My daughter is alternately amused and netlled by my unquestioning eagerness to pursue whatever book, film, vacation, or adventure I find touted in the New York Times. I speak with enthusiasm as if the Times had called me directly and with sweet concern for my well being curated a lifetime of experience just for me;I refer to the paper as I might to a neighbor or book club friend. It’s personal.
There have been some notable treasures, of course, along the way, and a few very minor disappointments, but for the most part, the Times opens doors I had not thought to approach. And yet, that legacy of good will and trust is hanging on by a thread this morning as I recoil from a novel that came highly regarded and I would have said, recommended.
To be fair, I responded to one of the frequent “Books Update”, a list of books currently under discussion, rather than having read a review of the novel. In the past it’s worked out well; I’ve simply noted a title, opened my account at the local library, and jumped on the waiting list for the next hot copy. Some have been my sort of book, others not so much. I’ve taken a chance over the years and find that the Times (my friend) is running with about an 80% hot stuff rate. Winners in the last year include The Aosawa Murders, The Beauty in Breaking, A Children’s Bible, Hidden Valley Road, How Much Of These Hills Is Gold, Marilynne Robinson’s Jack, Sisters, and the unexpectedly fabulous Nothing To See Here. So-so or just not my cup of tea that week were other highly regarded books such as The Biggest Bluff, Blacktop Wasteland, Deacon King Kong, and The Glass Kingdom. Nothing lost. No harm, no foul.
Fairness having been invoked, I ought to note that there are many books that were closed to me at one point in my life and richly enjoyed later. Then too, I’m a writer without an agent, self publishing books that languish in the nether depths of Amazon’s vanity collection. A book may have the resentment hurdle to clear, particularly if the genre is new or the portrayal of characters challenging. That said, I’ve come to admire books that present characters who would drive me to madness were I to encounter them in real life. Nick Cave’s Bunny Munro, for example, may be the most loathsome person I’ve encountered in print, but I couldn’t put the book down.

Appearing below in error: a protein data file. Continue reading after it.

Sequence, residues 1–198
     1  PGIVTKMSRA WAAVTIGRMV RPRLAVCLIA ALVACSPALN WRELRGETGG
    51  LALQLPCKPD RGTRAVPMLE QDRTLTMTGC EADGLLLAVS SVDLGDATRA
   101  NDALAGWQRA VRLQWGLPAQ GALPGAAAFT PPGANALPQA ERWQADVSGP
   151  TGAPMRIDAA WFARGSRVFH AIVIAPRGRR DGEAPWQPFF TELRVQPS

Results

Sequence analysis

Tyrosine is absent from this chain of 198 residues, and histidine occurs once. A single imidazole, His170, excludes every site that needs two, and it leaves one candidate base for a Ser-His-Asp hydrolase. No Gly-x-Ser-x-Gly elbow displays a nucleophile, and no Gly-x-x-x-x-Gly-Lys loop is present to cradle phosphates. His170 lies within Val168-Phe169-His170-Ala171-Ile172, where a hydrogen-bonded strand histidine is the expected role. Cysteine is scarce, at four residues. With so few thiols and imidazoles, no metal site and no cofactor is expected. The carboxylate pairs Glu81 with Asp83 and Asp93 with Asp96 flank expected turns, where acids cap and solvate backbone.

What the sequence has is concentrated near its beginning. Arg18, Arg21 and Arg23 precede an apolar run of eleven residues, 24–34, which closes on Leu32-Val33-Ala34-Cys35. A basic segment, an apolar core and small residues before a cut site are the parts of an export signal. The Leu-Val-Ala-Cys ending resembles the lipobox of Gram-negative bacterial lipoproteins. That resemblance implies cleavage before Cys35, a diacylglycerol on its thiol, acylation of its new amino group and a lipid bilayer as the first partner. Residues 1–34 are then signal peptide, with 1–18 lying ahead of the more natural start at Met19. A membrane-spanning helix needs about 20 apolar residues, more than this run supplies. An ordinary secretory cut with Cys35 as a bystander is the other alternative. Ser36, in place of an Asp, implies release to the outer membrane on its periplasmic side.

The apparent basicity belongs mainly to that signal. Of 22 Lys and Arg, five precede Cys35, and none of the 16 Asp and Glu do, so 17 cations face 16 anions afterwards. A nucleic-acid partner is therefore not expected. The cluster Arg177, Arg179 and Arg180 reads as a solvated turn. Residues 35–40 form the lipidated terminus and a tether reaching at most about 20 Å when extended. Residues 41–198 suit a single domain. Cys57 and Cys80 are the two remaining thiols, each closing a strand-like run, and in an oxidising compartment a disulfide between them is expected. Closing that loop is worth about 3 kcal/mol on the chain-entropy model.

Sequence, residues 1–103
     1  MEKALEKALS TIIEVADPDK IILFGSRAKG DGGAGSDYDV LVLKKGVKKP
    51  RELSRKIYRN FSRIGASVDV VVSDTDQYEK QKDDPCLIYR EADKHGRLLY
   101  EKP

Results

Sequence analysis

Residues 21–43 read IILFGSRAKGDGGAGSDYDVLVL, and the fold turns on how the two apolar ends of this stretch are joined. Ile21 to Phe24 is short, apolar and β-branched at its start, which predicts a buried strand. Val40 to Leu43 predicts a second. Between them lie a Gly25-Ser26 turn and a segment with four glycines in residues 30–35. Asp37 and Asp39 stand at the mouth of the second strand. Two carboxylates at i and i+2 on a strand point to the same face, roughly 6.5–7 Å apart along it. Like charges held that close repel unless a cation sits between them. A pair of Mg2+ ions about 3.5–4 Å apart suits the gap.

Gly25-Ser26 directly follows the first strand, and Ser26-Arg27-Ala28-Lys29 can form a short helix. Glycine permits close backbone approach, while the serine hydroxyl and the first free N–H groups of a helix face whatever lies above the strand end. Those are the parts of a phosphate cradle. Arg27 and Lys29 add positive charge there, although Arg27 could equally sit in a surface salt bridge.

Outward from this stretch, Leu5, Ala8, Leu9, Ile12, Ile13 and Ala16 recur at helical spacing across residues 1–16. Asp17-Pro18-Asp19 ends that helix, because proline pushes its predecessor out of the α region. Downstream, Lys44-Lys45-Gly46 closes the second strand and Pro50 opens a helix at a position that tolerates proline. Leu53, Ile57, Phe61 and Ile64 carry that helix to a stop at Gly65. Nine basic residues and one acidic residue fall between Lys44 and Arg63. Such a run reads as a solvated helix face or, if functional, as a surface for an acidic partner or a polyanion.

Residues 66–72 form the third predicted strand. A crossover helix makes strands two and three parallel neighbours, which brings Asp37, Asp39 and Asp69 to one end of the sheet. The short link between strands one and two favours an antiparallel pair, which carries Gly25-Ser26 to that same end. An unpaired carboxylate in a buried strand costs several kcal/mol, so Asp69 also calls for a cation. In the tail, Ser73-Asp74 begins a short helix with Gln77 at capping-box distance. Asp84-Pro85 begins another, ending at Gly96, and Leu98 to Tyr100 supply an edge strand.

Had I read Joshua Ferris’ review of The Motion of the Body Through Space by Lionel Shriver, I suspect I would have cancelled my hold on the book at the library. Ferris is amused by and sympathetic to unlikeable characters, citing Cormac McCarthy’s unrelenting portrayal of unredeemed characters as a refreshing antidote to a happy happy resolution for characters who have been misunderstood or mistreated. By the end of the review, having lauded Shriver’s refusal to yield to the pity paradigm, however, he does acknowledge the book’s resolution left him thinking, “Who cares?”
I didn’t get that far.
I have a tall pile of books and who knows how many years to read them. I’ll give a new book thirty minutes to reel me in. If I’m eager to read the next page, I’ll generally stick with it all the way to the end. I’m relatively easy to please, but a strong beginning goes a long way. An author makes a choice in opening their world to us, in introducing a novel’s protagonists, for example, I give Shriver points for chutzpah; her characters presented on the first page are Remington and Serenata Alabaster. Remington Alabaster. Serenata Alabaster. What am I to do with names such as those? Bold choice by Shriverl, but “look-at-me” writing runs the risk of sliding into precious posturing, which in this case darkens as the Alabaster’s relationship is short on affection. Serenata’s reflexive contempt for Remington in particular wears thin. Remington’s disregard for Sereneta’s feelings is almost as off-putting.
Shriver’s published fifteen novels, all of which have been well received; she’ll survive any quibble I might have about her latest. My greater concern is in repairing the pipeline so that the Jackson County Library and I are teaming up for a strong summer of reading. The key, I think, is in finding a balance between the “sure things’ ‘ and the “strap on your seat belt” experiments that offer great reward or immediate disappointment. I’ll keep reading the Mann Booker long list and following my favorite authors, but at the moment I’m sitting with Julie Schumacher’s Dear Committee Members, My Mother She Killed Me, My Father He Ate Me, a compilation of forty new fairy tales by authors such as Joyce Carol Oates, Shelly Jackson, Neil Gaimon, and a host of others, Murakami’s IQ 84,and Moby Dick. The Times didn’t have to recommend Melville or Murakami, but virtually every other choice this summer will come from the pages of the New York Times, who you will remember, is a particular friend of mine.